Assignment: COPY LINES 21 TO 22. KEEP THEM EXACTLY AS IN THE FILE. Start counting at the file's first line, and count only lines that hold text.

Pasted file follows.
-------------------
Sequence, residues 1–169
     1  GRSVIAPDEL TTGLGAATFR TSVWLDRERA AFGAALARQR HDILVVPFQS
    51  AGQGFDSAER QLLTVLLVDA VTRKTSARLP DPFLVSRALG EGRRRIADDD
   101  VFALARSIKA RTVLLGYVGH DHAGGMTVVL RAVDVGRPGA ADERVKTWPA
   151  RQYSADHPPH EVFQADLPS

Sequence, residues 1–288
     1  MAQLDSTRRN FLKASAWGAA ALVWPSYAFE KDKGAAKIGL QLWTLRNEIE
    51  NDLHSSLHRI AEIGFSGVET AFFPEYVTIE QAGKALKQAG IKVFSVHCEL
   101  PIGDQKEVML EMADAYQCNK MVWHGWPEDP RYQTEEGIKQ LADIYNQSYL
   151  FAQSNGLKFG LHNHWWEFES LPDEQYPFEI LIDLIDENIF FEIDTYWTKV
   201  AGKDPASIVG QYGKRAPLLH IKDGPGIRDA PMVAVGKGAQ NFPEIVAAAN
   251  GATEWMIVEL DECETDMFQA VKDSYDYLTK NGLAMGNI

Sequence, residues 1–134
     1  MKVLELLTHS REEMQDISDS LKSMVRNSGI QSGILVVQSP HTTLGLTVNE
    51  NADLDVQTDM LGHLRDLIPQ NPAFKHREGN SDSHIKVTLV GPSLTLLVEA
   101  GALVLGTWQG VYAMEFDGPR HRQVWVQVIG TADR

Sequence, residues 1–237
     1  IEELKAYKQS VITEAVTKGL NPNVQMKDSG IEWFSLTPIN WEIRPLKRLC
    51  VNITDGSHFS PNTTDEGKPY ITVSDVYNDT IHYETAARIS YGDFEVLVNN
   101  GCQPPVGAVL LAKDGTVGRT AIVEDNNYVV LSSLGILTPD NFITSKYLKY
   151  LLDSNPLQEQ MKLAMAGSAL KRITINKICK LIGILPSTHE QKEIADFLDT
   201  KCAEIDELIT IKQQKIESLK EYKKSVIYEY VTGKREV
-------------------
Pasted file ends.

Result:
   151  LLDSNPLQEQ MKLAMAGSAL KRITINKICK LIGILPSTHE QKEIADFLDT
   201  KCAEIDELIT IKQQKIESLK EYKKSVIYEY VTGKREV